Plastic Print Pavilion Re-Raises Questions about Business Models for 3D Print

By | October 14, 2014

In case you didn’t notice, a lot of traditional press vendors were touting their new 3D press offerings or soon-to-be offerings at the Plastic Print Pavilion at Graph Expo. So it seems like a good time to revisit the business models currently in use in the commercial printing industry.

These aren’t simply ideas presented by press vendors trying to get you to buy one of these devices. These are the actual business models used by printers having made the investment in one of these printers. I compiled these models while writing “State of 3D Printing in the Commercial Printing Industry,” which as far as I know, is the only report of its type looking at this technology exclusively from a commercial printing perspective.

Here are the current business models I see being used for 3D printing in the commercial printing industry:

  • Research and development (get your feet wet and learn the technology and what it can do). This is the most common model at this point.
  • Reframing the perception of your company in the eyes of customers. This is the second most common model.
  • Providing products to the consumer and hobbyist market. In other words, going into head-to-head competition with existing 3D print providers.
  • Targeting the traditional 3D printing marketplace (prototypes and models). Also going head-to-head with existing 3D print providers, perhaps trying to increase “share of wallet” from existing 2D print customers who might be outsourcing 3D printing to another provider.
  • Creating internal cost efficiencies within your own company (one printer used its 3D printer to print replacements parts for its platesetter and saved $10,000).
  • Being an output-only provider (assuming a printable 3D file). For those who have purchased 3D printers and are justifying the investment based on other factors (such as producing parts in-house or market R&D), there is no reason not to promote your ability to provide output if the customer provides a printable file.
  • White labeling
  • Incentives and promotional items used to drive responses to direct mail campaigns.

To me, the latter is the most interesting because the value of 3D printing isn’t in selling the 3D printed product itself. It’s using these products to drive sales of what printers really want to be doing anyway — more print.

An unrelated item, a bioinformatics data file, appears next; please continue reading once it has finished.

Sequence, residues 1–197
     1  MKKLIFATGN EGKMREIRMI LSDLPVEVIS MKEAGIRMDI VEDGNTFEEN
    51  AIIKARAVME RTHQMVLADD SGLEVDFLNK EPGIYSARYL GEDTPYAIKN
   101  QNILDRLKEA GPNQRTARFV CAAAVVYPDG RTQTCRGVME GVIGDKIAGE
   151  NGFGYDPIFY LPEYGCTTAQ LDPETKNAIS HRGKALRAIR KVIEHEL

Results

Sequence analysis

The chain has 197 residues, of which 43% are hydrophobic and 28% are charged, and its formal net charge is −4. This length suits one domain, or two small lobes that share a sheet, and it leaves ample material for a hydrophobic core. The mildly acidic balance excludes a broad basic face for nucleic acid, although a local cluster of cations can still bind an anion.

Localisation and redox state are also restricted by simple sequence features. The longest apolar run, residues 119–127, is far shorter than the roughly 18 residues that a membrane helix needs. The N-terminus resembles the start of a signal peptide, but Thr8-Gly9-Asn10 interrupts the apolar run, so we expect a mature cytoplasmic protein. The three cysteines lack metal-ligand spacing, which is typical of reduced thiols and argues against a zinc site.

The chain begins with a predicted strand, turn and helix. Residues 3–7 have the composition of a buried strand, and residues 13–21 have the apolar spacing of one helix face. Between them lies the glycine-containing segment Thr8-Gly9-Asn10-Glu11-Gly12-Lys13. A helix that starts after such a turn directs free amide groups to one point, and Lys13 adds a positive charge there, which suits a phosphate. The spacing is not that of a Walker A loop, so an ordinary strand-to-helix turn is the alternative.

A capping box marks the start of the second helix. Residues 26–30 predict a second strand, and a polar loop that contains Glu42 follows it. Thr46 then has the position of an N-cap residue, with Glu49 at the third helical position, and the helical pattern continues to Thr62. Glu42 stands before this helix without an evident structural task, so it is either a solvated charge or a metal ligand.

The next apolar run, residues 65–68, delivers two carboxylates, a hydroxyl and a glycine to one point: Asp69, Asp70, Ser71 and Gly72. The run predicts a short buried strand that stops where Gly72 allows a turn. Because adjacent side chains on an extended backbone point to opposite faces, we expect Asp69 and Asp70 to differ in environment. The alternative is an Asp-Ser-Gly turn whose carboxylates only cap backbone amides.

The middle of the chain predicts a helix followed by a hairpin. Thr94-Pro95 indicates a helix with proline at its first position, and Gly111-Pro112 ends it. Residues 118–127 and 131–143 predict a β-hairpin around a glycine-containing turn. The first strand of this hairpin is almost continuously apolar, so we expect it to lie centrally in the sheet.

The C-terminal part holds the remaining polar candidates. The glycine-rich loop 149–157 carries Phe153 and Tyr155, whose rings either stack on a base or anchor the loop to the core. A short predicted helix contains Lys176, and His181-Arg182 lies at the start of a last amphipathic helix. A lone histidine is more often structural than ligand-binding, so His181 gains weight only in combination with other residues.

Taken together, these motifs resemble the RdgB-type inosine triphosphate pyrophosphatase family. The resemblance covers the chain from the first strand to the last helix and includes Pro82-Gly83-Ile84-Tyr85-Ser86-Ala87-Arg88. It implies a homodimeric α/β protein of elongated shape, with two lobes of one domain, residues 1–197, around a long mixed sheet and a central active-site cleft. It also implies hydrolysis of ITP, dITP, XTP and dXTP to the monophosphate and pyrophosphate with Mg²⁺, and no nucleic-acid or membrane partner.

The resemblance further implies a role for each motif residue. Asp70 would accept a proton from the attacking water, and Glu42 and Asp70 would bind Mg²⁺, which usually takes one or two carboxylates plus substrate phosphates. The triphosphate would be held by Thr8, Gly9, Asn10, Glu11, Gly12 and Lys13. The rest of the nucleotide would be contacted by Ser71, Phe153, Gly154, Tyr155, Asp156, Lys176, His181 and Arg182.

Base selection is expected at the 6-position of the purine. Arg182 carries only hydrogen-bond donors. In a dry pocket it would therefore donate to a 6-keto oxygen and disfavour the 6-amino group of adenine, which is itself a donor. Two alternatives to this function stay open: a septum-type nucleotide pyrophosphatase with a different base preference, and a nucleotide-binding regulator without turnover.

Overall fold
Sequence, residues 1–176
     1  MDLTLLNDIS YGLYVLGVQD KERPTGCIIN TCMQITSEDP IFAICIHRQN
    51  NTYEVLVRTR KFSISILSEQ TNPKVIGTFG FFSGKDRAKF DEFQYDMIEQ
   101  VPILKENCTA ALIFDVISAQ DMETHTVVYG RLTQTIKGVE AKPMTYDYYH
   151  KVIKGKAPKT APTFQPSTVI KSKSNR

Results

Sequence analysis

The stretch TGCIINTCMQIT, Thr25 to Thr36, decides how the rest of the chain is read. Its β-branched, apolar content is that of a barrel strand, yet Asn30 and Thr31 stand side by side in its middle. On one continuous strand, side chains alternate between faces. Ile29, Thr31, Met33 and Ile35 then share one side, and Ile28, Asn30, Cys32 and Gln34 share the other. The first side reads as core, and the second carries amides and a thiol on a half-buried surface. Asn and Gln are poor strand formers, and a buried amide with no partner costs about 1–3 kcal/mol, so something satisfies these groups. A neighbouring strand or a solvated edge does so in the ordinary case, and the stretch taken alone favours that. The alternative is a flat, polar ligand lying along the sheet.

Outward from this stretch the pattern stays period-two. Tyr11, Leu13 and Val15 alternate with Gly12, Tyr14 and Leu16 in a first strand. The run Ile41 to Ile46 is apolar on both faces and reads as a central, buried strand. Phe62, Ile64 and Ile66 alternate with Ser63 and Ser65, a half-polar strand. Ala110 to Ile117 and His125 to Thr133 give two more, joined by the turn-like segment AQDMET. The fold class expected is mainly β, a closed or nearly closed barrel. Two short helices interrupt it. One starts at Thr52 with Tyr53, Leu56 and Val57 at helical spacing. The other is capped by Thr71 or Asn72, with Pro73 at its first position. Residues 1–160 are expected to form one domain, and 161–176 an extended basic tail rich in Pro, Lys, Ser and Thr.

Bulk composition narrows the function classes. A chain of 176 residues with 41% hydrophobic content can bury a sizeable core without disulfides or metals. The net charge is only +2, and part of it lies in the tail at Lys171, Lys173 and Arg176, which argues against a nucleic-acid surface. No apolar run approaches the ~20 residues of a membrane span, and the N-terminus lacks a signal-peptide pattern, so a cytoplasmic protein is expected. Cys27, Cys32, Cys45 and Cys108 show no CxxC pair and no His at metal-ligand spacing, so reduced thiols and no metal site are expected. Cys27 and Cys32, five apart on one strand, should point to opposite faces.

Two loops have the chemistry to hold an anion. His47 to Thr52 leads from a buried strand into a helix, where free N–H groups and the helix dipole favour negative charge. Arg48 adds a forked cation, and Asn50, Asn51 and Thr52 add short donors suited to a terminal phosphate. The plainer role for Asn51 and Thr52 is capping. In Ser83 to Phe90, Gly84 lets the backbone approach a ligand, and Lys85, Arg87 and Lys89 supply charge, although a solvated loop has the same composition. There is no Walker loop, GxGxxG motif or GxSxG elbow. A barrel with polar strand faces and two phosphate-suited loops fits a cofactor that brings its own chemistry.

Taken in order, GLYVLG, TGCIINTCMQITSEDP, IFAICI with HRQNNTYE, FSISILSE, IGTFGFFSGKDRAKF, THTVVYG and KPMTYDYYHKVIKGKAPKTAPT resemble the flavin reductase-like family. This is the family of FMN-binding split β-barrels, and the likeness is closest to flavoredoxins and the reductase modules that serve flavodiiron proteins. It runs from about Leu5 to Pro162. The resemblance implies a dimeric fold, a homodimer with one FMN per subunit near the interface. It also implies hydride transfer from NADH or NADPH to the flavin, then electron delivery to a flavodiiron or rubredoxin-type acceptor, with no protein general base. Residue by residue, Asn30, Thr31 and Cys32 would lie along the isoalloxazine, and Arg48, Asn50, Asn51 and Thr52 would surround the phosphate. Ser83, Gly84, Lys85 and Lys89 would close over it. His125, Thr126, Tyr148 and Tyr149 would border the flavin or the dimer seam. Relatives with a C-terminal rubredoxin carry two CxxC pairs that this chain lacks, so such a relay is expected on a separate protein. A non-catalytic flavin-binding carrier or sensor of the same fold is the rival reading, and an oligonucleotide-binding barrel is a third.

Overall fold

In fact, I’ve pointed out in previous Digital Nirvana posts that in order to use 3D printing this way, you don’t even have to be producing the 3D output. You could be outsourcing it. In other words, using 3D-printed dolls personalized to the recipient as a box-opener/incentive for a dimensional mail campaign to C-level executives. You outsource the production of the dolls, then print the dimensional mail, handle the mailing, and do the follow-up email campaign, as well. It’s not the 3D printing you want. It’s just a tool (whether produced by you or someone else) to get the rest of the multichannel marketing work.

How have you seen printers using 3D printing? Any business models I’ve missed?

More info on “State of 3D Printing in the Commercial Printing Industry“.)

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One thought on “Plastic Print Pavilion Re-Raises Questions about Business Models for 3D Print

  1. Aaron Hale

    Heidi, you are spot on when it comes to the recommendation for printers to get in game being an intermediary and leveraging the outsourced product as an on ramp for new business. The same still holds true for printers who may still not have begun to offer cross-media services to their customers. My 3D printing market research has revealed that the investment that a typical commercial printer would have to make in terms of high-end devices (starting at around $330k +) and the cost of labor for an operator with a very advanced skill set (CAD and basically an engineer) would be prohibitive for most. Although this is certainly a rapidly emerging market over the next 10 years, the current sweet spot for providers is for in-plant printers servicing specific vertical industries (education, manufacturing, science and technology) where the internal applications are plentiful enough to feed the beast and justify the investment. There is of course the consumer market with vendors such as

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